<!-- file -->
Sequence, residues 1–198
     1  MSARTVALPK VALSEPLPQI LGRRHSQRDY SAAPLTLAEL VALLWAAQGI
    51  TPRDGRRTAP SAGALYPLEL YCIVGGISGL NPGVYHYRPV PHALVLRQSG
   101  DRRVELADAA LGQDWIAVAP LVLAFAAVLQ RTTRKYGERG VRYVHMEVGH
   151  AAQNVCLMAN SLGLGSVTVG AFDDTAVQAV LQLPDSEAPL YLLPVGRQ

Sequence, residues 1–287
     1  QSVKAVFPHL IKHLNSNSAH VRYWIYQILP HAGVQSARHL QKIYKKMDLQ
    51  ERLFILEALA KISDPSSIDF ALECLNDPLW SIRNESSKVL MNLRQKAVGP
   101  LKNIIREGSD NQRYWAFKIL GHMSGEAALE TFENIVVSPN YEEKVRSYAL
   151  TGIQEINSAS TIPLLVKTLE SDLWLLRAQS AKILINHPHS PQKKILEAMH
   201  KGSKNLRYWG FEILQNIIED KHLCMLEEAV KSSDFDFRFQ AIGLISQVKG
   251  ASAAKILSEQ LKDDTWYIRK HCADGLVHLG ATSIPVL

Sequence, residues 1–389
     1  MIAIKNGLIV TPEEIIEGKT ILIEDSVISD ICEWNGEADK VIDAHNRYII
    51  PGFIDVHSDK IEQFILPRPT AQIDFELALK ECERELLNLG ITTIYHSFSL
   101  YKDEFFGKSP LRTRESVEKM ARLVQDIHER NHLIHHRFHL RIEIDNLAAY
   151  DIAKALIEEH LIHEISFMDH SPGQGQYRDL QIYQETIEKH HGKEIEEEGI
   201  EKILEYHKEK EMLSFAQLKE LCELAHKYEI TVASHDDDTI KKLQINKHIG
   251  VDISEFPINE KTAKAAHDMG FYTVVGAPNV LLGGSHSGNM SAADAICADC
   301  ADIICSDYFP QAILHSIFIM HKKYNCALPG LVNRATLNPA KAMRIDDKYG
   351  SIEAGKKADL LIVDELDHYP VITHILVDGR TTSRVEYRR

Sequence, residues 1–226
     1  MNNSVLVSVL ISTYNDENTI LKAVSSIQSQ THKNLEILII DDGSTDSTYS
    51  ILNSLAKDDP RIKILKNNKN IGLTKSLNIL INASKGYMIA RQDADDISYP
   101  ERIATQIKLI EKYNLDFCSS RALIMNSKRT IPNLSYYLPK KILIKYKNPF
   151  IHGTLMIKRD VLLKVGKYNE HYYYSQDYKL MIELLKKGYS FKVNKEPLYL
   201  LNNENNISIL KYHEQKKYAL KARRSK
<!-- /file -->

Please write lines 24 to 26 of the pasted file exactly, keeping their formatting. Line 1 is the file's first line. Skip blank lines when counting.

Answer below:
    51  ILNSLAKDDP RIKILKNNKN IGLTKSLNIL INASKGYMIA RQDADDISYP
   101  ERIATQIKLI EKYNLDFCSS RALIMNSKRT IPNLSYYLPK KILIKYKNPF
   151  IHGTLMIKRD VLLKVGKYNE HYYYSQDYKL MIELLKKGYS FKVNKEPLYL